06/25/2002 11:00PM

It helps to mix hard facts with opinions

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COLUMBIA, Md. - If you're trying to paint the full picture in your handicapping, you will inevitably run up against the tension between trips and speed figures - between the visual and the statistical, between subjective judgment and objective arithmetic. The fascinations and frustration are endless. Here are a few recent case studies:

The simplest case: Sonata Cosmos was an easy call. On June 22 at Belmont Park she was the top figure in the field. But she had earned that 93 turf Beyer when she had an easy lead in her previous race. Now she faced a tougher group and would have to chase another speed horse.

Unfortunately, nobody was fooled by the big figure. Sonata Cosmos opened on the board at 21-1 and closed at 12-1. She didn't run too badly, finishing fifth, 2 1/4 lengths behind. Predictably, her Beyer dropped to 85.

Tough trips and bounces: In the same race with Sonata Cosmos was a horse named Ready. Her figures were remarkably consistent: 86-86-88-86-85-88. She had earned the most recent 88 after a very tough trip on June 1. In that race, running behind a slow pace, Ready was hung out four wide the entire turn and still finished only a half-length back.

Did that tough trip mark her out for a big bet next time? Or did that tough trip (along with the big figure) set her up for a bounce? Considering that she had just run a big race in the same company, the bettors seemed to be opting for the bounce scenario, making her a high 5-1 through almost the entire wagering. Their caution proved correct, as Ready sat a good trip near the hedge but could only manage a fourth-place finish, 1 3/4 lengths behind. Her Beyer dropped to 86 - a bigger decline than it looks, considering the contrasting trips she had in those two starts.

Can the Beyer gap be closed?: A New-York-bred grass filly named Easter Liturgy had run a modest 67 winning her maiden. But her trip was visually very impressive: She rushed up to chase the pace into the first turn, with her jockey nearly falling off around the turn, and she continued to draw off easily without much urging to the wire, winning by 2 1/2 lengths. She appeared capable of much better. One of Easter Liturgy's opponents in her next race was a filly named Solar Blues. She had run a Beyer of 80 in her previous start against allowance runners. But her trip had been the easiest, rail-running journey. She did not appear capable of running any better, and would probably run worse. So, could Easter Liturgy improve enough to close the 13-point gap with Solar Blues?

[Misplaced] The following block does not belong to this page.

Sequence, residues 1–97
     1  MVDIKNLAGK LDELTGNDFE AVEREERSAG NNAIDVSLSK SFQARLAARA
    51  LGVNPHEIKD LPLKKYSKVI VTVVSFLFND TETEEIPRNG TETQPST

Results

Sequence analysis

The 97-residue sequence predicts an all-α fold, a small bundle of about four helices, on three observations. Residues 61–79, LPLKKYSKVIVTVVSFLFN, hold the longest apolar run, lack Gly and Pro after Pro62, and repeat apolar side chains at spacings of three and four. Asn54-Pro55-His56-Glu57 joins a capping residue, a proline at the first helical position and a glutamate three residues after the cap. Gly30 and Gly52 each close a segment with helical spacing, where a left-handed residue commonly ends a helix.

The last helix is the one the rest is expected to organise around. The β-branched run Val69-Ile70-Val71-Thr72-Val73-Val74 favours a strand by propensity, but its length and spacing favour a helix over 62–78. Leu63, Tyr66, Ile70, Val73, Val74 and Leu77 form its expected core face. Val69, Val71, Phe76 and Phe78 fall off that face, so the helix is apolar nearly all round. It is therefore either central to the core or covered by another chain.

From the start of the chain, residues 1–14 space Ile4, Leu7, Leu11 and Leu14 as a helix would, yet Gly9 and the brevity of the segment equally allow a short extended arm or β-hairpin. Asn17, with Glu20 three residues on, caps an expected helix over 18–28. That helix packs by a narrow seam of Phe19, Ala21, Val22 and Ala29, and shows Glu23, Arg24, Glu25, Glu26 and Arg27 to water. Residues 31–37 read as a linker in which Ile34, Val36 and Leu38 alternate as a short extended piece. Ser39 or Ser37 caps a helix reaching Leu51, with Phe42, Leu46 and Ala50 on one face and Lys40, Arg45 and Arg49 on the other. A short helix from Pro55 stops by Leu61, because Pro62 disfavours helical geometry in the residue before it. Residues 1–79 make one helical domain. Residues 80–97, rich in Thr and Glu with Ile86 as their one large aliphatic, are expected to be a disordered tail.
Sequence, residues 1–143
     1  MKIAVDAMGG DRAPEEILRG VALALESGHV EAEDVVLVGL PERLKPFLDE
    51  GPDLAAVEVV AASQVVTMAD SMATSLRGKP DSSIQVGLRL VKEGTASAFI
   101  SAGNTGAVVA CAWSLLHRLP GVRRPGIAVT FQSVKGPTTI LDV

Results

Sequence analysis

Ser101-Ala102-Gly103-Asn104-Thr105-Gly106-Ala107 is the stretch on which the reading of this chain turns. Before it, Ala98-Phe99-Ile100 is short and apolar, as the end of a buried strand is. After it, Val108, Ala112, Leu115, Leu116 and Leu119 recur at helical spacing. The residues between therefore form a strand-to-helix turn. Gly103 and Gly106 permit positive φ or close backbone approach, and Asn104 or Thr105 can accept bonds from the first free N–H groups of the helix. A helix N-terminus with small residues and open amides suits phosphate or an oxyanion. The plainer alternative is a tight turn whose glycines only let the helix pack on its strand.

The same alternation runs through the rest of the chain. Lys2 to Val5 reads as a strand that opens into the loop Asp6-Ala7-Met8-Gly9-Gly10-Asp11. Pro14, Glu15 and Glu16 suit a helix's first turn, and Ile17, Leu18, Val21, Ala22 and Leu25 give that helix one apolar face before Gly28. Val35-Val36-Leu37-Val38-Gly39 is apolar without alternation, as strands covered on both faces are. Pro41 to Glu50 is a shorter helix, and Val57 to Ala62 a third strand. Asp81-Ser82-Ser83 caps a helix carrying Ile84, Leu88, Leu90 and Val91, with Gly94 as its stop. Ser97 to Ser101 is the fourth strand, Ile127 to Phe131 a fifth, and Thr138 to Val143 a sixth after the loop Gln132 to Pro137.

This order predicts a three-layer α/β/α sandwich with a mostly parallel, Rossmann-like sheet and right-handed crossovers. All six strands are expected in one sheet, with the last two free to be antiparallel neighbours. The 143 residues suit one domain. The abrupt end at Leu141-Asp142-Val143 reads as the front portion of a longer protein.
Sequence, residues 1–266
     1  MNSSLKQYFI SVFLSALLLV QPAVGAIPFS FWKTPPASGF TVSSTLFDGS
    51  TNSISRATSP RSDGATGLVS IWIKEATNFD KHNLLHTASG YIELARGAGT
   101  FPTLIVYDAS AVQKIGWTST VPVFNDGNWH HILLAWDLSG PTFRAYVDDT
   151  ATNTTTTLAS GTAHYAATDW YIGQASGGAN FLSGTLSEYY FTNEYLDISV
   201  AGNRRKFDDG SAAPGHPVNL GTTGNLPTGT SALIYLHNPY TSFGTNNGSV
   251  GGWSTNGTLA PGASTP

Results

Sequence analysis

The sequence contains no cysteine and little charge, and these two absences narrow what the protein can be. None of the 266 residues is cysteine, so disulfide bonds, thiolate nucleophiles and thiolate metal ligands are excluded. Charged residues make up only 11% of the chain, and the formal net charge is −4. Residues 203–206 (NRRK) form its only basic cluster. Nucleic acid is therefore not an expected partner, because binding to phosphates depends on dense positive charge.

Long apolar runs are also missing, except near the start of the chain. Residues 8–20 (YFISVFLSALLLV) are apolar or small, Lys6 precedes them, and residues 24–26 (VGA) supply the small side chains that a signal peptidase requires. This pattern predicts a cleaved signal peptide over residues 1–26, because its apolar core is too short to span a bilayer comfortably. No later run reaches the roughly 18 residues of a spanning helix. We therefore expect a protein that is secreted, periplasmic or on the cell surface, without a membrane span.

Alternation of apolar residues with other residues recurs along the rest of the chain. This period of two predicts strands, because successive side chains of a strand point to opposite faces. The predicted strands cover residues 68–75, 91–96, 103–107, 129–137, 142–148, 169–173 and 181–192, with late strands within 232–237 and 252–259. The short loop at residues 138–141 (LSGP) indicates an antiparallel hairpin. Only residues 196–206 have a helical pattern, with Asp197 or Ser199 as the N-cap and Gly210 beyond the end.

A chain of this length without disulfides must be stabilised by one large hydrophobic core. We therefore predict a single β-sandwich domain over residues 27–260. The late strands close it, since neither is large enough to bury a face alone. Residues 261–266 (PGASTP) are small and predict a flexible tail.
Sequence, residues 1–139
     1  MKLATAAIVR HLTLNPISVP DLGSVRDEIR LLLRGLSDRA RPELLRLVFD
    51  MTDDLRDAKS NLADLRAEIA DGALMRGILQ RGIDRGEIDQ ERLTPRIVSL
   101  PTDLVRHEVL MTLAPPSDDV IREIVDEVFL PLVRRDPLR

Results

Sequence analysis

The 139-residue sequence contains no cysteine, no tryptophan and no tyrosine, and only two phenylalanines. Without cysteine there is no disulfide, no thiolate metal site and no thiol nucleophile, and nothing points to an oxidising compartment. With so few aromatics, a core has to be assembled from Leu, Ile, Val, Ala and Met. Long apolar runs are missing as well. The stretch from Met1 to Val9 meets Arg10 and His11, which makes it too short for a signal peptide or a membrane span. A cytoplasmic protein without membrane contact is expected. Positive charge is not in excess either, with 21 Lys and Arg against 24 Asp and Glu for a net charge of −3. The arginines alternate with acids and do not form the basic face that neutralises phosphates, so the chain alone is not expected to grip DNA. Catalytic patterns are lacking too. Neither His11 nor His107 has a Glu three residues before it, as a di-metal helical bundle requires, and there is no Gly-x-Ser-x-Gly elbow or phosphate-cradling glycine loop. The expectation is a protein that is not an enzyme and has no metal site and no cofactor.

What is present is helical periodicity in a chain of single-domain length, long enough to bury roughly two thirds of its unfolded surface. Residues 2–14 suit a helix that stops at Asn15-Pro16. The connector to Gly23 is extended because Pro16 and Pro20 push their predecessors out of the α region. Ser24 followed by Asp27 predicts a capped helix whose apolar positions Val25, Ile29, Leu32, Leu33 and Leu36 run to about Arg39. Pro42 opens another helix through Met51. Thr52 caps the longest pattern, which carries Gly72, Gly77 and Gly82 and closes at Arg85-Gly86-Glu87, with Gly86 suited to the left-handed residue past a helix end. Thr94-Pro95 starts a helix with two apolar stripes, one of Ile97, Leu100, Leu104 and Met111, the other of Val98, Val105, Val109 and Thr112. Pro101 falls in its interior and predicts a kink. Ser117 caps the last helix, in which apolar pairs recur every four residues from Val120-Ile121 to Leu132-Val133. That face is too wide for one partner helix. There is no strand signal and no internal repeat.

Easter Liturgy broke a bit slow, but sat a good pocket trip, finishing third at 18-1. Solar Blues had another absolutely perfect rail-skimming trip, and finished second at 7-5. Easter Liturgy's speed figure improved from 67 to 76. Solar Blues went from an 80 to a 79. Easter Liturgy almost caught up, but not quite. The value, however, was clearly with Easter Liturgy.

It's extrapolation: In trying to get some idea of what Beyer Speed Figure a horse is capable of running today, you often have to dig deep into that horse's past performances. Such a difficult case was 3-year-old Dr. Can Do in the first race at Belmont on June 19. His most recent race on May 26 was better than it looked; he only earned a 62 Beyer, but had dueled on the outside through a solid pace at one mile - not his best distance. Now he was turning back to seven furlongs. But most of his Beyers were in the low- to mid-70's. Could Dr. Can Do run that fast again?

Back on March 27 at Gulfstream Park he had recorded a 75 Beyer when he was allowed to sit just off the pace at 6 1/2 furlongs. In his next race on April 10 he dueled the entire trip at 1 1/16 miles (a 63 Beyer), followed by a very wide trip on May 11 at Monmouth at six furlongs (a 64 Beyer). That 75 figure was buried four races back, but with a more patient ride, better racing luck, and at a much better distance, he looked like he could very well get back to that number.

Dr. Can Do did just that. He ran a 76. Unfortunately, that didn't guarantee a win. One of the two speed horses failed to break, so Dr. Can Do was forced to chase a lone speed the whole way around. He couldn't catch him, but finished a strong second, only one length back at odds of 4-1.

Not much profit, but a neat bit of analysis and research.